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Expats Leaving

It's that time of year again.  Friends are gently announcing that they are moving on in July (the end of the school year), to pastures new.  News spreads fast.  It's like a spreading disease.  You hear of one person who is off, then one more.  Then you start counting people that you don't know all that well who are also leaving, add them to the list and suddenly it feels like an exodus - like people abandoning a sinking ship.  It's the same scenario every year but it's always unsettling for the ones left behind.  Especially hard when it's not only your friends but good friends of your children.

The leavers try to be tactful, but are usually secretly excited about their move.  They talk about moving to a, 'city that works,' and drop in phrases like, 'more sophisticated' and gradually the expat, who is not leaving, deflates.

When we lived in Tanzania, a great source of amusement for my husband and I were the 'expat leaving' notices pinned up on boards around town in shopping centres etc. and the 'expat leaving' yard sales that were advertised.  Because anything 'imported' was taxed heavily there and local shopping was limited to say the least (put it this way - you needed a good dose of imagination when investing in what the local market had to offer), expats tried to sell off their old tat when they left at extortionate prices.   And everything was priced in US dollars to boot. 

The expat's idea was that as soon as they got to the developed/western/more sophisticated world, then they would buy everything they need again new - using profits made from hawking the second hand stuff.

Lists went up including things like: Imported - (but second hand); mattress $100; dog bed $50; dust bin $20; cot $100; ride-on toy (and they were generally v. well loved and definitely on their last legs) $85.  My all time favourite was spotting an 'imported' second hand loo brush and holder for $15 and the second best was finding a lady at a local craft fair who had the neck to be selling off her USED eyeshadows at $8 each.

If you looked at the list and there really was something you needed, then you had to dial the mobile number and set up a visit.  These were generally excruciating and intense experiences.  First you would be required to go to dusty garages filled with mildewed goods that were generally a huge disappointment.  Then you had to be enormously polite about everything while being watched under the hawk eye of the vendor.  Then, if you decided you actually needed something badly, you would be forced to hand over a stack of cash to go straight into the expat's pocket for his or her profit - not even for charity!  This was especially sickening when you think we were in Tanzania and that money could have gone to all sorts of extremely good causes!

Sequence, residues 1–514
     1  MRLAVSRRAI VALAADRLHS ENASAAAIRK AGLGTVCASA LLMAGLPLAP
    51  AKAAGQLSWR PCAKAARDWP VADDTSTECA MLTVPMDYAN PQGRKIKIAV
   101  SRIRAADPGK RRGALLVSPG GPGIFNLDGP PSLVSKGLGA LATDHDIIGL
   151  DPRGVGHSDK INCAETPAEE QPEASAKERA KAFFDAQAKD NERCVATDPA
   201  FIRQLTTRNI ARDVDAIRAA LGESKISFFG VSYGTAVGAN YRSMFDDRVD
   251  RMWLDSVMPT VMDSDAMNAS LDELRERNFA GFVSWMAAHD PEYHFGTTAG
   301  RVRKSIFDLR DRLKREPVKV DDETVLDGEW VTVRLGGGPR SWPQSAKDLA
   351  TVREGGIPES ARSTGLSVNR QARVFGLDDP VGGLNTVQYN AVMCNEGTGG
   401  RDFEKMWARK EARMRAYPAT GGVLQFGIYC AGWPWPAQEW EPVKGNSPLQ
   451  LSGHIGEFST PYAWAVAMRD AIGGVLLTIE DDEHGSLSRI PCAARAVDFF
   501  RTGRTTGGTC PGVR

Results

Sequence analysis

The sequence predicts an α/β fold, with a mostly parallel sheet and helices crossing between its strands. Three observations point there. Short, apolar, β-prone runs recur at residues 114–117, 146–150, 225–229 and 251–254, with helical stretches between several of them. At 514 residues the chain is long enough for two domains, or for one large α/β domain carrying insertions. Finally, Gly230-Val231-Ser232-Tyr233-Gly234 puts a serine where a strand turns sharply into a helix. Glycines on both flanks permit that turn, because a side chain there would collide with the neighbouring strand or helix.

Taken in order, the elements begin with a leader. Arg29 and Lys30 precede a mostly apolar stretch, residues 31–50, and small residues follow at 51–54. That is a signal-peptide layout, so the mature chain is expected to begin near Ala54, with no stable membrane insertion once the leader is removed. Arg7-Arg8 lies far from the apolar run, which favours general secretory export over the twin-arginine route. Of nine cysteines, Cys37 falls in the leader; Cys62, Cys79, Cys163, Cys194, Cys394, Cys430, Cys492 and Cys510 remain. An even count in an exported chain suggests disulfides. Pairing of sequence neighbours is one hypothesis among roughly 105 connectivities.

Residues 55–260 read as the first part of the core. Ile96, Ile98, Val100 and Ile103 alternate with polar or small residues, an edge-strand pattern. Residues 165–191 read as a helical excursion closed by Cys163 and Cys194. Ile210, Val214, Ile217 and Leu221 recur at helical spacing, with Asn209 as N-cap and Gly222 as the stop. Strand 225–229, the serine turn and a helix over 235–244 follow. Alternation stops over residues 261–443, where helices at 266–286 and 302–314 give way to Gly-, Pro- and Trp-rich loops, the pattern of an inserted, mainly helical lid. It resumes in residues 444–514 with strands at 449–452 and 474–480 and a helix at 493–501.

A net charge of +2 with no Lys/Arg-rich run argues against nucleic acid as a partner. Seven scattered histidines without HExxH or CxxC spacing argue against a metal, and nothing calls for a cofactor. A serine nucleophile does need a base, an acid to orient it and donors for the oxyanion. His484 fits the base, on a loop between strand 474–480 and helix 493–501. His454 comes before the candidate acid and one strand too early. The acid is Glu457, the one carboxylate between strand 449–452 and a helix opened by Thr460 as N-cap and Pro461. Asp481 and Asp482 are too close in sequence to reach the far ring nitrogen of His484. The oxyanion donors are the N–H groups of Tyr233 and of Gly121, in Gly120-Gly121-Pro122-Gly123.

Having said that, I am teased endlessly for asking a v. good army wife friend of mine when she was only half way through her posting,  'What's happening with your trampoline when you leave?'
They key thing was that it had a safety net which was one of the first ones I'd seen.  She kindly promised to sell it me on first refusal, so when other friends asked the same question they were outraged to find that I had pipped them to the post!  In addition to this, a year later when our lovely army friends did leave, they charged us almost nothing for the whole lot and it has been a beloved and extremely well used feature in our garden ever since (for the past 5 years!).  Used almost daily, I don't know what we would have done without it.

Fortunately, here in Nairobi you can get your hands on almost anything new.  You do pay over the odds but these prices are no way as steep as the Tanzania 'expat leaving' prices were - so we are not driven to quite such desperate measures of buying other people's old rubbish. 

Having said that, we do have the same round of good friends coming and going that, in the absence of family and old friends being around, leads you to ask yourself the difficult old questions;

How long will we be here for?  Should we think about moving on? Are they going to something better? What will happen when the kids are older? Are we still happy with all this?  Realistically, what are our choices for the future?

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